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I Like it Here


Ralph Arlyck

Executive Producer

Malcolm Pullinger


Ralph Arlyck, Emmet Dotan, Steve Leiber


Emmet Dotan


Ralph Arlyck

We talk or laugh about aging; its irritations and relentless progression, but we rarely confront the reality of dying or being left alone. Nor do we consider the lightness and calmness that can come when the success race seems not so crucial. I Like It Here is about all those things and, finally, about the pleasures of being alive. Filmmaker Ralph Arlyck tries to convey how it feels to be seeing the winding down of your life. He spends time with older friends from his past and present, most of them rather lively, plus children and grandchildren. Woven in with these scenes are personal reflections on the challenges of getting old; of feeling your joints and thoughts stiffen, as the camera confronts – both seriously and humorously — the obstacles that loom up in front of anyone who is on the last lap. The tone of the film isn’t sad; more wistful. The title’s declaration has a double meaning. The “here” that the filmmaker likes is both his immediate rural surroundings (the fields, water and neighbors he sees out his window) – and life itself.


Courtesy of Argot Pictures

Director, I Like It Here

Ralph Arlyck has produced and directed more than a dozen prize-winning, independent films, which have appeared on PBS, the BBC, Arte, screened at the White House, and have played festivals worldwide, including Sundance, New York, London, and Rotterdam. His documentary feature, Following Sean, played theatrically across the United States and on PBS and was nominated for two Emmy awards. Arlyck has also produced Current Events, an examination of the ways people do (or do not) respond to the stream of horrific events on the nightly news, and An Acquired Taste, a wry look at American culture’s obsession with success — considered a classic of independent cinema and personal filmmaking, and called by Vincent Canby in the New York Times, “…a delight…a funny, loving movie”.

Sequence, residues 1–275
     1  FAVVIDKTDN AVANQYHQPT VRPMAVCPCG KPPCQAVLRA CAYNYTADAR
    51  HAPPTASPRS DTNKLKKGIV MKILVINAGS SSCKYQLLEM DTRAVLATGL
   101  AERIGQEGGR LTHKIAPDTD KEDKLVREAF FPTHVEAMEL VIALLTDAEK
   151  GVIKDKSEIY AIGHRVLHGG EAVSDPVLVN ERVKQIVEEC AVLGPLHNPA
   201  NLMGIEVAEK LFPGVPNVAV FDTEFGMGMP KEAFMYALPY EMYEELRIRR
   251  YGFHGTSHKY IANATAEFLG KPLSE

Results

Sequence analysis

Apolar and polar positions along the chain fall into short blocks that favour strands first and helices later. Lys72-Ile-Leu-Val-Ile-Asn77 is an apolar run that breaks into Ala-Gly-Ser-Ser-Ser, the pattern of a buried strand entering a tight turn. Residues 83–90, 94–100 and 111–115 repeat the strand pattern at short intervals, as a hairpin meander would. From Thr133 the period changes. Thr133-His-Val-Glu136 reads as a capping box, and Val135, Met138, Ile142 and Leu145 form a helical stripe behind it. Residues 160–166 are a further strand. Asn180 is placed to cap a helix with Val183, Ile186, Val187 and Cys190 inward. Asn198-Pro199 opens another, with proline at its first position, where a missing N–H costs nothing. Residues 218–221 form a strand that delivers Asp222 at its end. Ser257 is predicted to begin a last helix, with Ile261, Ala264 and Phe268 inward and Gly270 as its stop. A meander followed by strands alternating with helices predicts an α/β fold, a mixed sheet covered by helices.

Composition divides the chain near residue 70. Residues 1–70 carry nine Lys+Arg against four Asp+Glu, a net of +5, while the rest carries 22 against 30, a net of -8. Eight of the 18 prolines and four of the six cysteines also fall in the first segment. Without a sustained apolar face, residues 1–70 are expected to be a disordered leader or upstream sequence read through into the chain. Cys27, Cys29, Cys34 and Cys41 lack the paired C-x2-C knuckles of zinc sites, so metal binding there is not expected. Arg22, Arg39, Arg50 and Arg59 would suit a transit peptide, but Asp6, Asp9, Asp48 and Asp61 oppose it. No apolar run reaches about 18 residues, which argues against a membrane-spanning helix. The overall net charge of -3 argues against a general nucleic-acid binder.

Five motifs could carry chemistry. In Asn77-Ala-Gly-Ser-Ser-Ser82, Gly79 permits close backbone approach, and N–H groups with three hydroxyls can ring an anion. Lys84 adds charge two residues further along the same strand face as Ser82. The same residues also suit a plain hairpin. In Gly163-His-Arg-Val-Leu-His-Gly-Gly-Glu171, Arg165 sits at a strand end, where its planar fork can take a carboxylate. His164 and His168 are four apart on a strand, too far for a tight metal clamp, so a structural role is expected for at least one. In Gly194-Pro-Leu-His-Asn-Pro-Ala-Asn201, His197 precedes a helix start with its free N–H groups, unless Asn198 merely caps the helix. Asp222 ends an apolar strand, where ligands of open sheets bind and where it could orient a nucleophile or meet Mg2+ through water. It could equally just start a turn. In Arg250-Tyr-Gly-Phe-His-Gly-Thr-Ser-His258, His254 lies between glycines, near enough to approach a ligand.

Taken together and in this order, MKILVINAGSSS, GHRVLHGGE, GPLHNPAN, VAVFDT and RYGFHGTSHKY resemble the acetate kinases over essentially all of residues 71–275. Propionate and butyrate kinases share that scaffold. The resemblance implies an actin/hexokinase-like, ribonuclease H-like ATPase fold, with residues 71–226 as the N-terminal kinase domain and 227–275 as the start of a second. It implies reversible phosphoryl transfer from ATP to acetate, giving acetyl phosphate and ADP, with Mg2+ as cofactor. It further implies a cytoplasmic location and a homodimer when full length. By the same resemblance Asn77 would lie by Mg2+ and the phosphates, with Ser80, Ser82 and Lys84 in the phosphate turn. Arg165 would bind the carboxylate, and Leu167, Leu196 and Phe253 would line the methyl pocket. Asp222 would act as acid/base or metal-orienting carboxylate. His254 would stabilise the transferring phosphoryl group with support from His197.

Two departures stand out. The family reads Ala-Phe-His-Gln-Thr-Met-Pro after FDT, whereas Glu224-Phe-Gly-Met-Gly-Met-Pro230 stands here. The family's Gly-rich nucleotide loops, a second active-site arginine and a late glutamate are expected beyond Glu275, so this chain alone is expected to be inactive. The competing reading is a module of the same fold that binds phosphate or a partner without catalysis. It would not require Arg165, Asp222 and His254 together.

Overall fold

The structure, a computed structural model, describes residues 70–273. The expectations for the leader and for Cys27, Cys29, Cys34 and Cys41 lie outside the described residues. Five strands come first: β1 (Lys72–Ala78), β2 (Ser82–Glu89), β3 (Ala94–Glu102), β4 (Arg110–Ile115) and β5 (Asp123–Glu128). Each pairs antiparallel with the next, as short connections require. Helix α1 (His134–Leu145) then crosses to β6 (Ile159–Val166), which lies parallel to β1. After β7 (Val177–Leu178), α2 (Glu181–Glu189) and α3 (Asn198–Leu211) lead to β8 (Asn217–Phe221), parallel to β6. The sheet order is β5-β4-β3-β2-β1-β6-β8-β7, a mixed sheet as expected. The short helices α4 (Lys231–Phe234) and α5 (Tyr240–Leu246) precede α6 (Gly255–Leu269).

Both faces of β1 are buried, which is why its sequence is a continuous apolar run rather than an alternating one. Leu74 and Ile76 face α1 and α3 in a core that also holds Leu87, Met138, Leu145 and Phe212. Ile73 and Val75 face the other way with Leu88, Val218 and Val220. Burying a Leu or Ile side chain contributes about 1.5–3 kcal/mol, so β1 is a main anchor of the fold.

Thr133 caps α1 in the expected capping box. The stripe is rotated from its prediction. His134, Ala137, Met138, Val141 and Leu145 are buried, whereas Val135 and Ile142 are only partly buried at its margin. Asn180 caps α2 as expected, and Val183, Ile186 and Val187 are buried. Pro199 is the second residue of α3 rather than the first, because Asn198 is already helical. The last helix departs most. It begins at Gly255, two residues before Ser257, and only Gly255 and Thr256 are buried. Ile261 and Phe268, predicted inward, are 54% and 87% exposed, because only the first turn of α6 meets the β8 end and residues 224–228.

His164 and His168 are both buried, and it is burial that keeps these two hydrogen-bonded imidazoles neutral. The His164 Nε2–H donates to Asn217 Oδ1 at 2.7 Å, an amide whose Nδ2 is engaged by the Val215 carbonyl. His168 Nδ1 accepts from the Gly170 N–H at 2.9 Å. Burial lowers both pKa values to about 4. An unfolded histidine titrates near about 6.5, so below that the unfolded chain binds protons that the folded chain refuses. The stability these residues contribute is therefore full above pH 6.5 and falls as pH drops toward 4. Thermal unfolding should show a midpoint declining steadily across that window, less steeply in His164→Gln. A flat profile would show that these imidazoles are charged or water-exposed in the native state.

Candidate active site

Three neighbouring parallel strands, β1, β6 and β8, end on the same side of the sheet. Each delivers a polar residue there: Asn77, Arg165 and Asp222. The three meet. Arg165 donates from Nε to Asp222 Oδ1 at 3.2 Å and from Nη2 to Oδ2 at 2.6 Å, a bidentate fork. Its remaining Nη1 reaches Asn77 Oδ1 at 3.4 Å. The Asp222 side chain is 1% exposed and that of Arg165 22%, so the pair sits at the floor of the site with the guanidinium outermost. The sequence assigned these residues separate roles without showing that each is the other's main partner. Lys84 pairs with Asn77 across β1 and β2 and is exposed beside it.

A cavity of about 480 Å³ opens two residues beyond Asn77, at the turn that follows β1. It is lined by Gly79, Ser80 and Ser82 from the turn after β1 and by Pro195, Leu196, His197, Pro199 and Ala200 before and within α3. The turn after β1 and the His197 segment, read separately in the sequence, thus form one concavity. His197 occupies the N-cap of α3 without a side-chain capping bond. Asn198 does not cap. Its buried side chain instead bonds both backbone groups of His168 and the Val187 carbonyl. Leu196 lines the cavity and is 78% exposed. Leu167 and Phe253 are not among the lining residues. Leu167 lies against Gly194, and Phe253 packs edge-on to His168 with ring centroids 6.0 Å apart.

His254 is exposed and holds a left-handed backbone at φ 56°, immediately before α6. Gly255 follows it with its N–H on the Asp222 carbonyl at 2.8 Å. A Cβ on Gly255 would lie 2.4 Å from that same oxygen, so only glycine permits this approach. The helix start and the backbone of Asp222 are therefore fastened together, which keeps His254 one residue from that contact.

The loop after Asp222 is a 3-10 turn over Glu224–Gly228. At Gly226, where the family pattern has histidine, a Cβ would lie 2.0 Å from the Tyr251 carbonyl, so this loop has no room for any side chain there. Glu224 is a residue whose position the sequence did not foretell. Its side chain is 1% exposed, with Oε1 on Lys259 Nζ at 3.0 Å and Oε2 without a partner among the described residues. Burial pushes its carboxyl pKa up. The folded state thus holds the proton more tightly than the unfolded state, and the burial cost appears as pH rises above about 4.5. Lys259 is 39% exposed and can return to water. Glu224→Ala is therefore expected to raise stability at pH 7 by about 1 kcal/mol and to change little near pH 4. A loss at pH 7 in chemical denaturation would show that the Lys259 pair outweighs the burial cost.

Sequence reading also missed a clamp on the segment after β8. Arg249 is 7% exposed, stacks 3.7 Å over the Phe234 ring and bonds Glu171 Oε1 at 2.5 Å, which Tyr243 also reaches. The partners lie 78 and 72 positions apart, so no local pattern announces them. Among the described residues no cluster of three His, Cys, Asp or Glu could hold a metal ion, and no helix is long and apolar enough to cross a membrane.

Throughout his career, Arlyck has also played a key advocacy role for American independent producers, testifying twice in Congress and once before the Carnegie Commission on the role of independents in public television. He was centrally involved in legislation that first recognized independents as an important force within that system. He is a recipient of a Guggenheim Fellowship and a Rockefeller Foundation Fellowship.